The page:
The Senate Committee considered the decision of the House Committee to deprive political subdivisions of States and other local authorities of any authority or jurisdiction over pesticides and concurs with the decision of the House of Representatives. Clearly, the fifty states and the Federal Government provide sufficient jurisdictions to properly regulate pesticides. Moreover, few, if any, local authorities, whether towns, counties, villages, or municipalities have the financial wherewithal to provide necessary expert regulation comparable with that provided by the State and Federal Governments. On this basis and on the basis that permitting such regulation would be an extreme burden on interstate commerce,[3] it is the intent that section 24, by not providing any authority to political subdivisions and other local authorities of or in the States, should be understood as depriving such local authorities and political subdivisions of any and all jurisdiction and authority over pesticides and the regulation of pesticides.

S. Rep. No. 838, 92nd Cong, 2d Sess. 16-17, reprinted in 1972, U.S. Code Cong. Ad. News 3993, 4008. But cf. Deukmejian, supra.

Thus it is my opinion that a local county ordinance prohibiting the aerial spraying of herbicides would be preempted by both state and federal law, and of no effect.

The foregoing opinion, which I hereby approve, was prepared by Assistant Attorney General Elana L. Cunningham.

[1] See also, A.C.A. 2-16-401 et seq.
[2] With regard to the fact that such an ordinance may be interpreted as regulating air pollution, see Opinion No. 85-219, a copy of which is enclosed. prohibiting the aerial spraying of herbicides would appear to be a more stringent provision than state law, it is my opinion that the legislature has so pervasively covered the field of pesticide use and application that it intended that no additional local regulation occur. See generally, Smoot v. Village of Laurel Hollow, 471 N.Y.S.2d 128, 98 A.D. 216 (1983), and 41 Oregon Op. Atty. Gen. 21 (1980). But cf. Deukmejian v. County of Mendocino, 204 Cal.Rptr. 897, 683 P.2d 1150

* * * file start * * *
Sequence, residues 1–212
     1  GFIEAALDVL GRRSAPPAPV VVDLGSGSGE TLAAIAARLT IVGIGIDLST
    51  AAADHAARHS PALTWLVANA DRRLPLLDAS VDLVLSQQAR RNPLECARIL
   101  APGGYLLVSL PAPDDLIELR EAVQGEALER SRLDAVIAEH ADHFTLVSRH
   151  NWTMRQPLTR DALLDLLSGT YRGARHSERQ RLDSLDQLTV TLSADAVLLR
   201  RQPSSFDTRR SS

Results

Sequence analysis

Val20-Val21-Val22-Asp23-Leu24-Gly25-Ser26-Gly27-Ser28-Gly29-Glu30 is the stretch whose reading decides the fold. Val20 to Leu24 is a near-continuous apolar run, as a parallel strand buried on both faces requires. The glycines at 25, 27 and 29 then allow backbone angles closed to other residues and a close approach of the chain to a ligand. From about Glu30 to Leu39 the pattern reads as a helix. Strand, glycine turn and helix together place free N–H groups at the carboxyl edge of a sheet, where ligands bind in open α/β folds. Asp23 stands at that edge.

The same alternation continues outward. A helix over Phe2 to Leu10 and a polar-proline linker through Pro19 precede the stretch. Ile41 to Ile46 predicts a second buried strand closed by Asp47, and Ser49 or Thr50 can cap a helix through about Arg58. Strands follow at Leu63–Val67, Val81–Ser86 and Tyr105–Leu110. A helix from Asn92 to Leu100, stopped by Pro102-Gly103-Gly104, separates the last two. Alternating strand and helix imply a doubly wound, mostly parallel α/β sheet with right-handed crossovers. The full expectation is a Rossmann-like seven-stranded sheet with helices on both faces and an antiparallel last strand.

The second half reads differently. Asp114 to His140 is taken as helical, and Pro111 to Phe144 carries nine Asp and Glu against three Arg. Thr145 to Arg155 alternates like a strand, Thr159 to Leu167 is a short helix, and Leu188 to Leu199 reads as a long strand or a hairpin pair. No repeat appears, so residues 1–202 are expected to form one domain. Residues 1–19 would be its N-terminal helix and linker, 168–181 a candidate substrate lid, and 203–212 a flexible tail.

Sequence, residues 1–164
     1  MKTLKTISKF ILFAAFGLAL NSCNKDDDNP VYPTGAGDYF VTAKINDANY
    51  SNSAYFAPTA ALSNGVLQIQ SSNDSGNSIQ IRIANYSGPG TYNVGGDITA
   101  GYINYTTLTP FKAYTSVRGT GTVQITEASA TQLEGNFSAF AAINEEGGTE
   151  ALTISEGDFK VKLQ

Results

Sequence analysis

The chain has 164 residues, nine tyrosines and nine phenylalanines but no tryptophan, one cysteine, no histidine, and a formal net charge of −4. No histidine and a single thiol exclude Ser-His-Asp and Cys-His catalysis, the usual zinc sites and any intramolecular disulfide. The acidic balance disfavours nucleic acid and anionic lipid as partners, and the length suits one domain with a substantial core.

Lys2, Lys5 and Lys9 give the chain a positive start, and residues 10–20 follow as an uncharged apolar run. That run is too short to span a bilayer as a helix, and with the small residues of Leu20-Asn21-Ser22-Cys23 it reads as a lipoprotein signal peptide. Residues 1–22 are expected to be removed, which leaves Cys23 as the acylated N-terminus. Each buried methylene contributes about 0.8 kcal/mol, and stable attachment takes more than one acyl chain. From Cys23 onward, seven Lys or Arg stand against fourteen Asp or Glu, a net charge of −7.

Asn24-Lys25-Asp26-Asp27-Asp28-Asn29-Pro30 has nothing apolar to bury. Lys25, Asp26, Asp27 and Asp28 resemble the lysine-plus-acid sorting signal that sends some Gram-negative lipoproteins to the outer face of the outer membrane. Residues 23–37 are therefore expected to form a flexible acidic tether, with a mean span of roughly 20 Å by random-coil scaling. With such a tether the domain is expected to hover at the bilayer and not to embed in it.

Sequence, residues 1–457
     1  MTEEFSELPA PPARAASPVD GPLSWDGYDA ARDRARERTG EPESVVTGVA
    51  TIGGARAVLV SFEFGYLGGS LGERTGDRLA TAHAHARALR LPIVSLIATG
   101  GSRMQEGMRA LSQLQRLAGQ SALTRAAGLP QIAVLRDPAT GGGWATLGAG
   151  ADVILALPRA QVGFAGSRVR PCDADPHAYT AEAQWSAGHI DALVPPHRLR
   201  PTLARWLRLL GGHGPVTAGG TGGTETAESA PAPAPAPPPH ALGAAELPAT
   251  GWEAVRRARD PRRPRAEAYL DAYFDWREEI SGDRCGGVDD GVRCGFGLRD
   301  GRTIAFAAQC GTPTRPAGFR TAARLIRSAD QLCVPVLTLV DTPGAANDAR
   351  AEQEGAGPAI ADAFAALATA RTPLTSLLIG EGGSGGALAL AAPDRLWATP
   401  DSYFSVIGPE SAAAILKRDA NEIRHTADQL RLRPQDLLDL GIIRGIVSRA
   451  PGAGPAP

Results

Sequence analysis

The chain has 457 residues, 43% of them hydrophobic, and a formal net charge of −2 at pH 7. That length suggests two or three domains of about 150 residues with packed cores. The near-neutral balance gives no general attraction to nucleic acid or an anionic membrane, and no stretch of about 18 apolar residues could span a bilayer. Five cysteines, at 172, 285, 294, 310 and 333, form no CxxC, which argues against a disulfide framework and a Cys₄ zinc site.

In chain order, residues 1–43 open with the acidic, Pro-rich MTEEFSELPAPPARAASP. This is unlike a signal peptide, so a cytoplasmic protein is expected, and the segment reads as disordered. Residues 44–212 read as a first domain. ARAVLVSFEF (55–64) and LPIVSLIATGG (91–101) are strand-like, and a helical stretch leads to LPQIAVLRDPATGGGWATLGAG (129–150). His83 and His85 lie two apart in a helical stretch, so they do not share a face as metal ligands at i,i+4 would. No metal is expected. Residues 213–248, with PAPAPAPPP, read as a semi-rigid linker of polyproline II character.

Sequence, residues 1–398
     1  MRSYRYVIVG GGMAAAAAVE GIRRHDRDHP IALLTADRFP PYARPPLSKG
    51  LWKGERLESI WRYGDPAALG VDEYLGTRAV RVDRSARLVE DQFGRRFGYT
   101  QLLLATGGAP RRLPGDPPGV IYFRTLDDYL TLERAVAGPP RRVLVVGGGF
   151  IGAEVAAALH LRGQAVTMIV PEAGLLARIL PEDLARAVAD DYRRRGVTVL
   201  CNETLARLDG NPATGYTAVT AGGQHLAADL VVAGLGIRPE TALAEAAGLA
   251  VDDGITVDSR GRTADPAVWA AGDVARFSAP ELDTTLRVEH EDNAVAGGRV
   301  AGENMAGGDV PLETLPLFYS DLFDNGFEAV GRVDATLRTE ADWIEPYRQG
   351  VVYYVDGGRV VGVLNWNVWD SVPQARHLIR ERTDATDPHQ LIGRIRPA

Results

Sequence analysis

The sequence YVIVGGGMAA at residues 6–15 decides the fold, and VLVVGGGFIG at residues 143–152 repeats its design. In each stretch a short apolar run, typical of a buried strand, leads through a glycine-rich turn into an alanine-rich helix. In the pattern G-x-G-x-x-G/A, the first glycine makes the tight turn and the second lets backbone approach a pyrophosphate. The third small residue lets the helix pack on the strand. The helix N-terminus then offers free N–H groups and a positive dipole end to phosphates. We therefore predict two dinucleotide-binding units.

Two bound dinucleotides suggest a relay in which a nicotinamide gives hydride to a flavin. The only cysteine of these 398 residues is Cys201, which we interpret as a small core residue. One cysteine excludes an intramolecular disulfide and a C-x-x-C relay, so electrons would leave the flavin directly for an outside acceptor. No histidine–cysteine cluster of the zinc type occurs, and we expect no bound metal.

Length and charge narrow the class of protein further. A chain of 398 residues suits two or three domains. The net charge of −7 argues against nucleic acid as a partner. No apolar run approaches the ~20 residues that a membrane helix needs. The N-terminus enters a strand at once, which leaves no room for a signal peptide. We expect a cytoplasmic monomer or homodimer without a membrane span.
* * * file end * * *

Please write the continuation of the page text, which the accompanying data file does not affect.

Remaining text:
(1984). This conclusion is supported by the fact that authority is granted the Plant Board in A.C.A. 20-20-222 to enter into agreements with political subdivisions to obtain assistance in implementing the act, to secure uniformity of regulations. This uniformity could not be accomplished were each county allowed to adopt conflicting local ordinances.
[3] See generally, in this regard, Opinion No. 83-038, a copy of which is enclosed.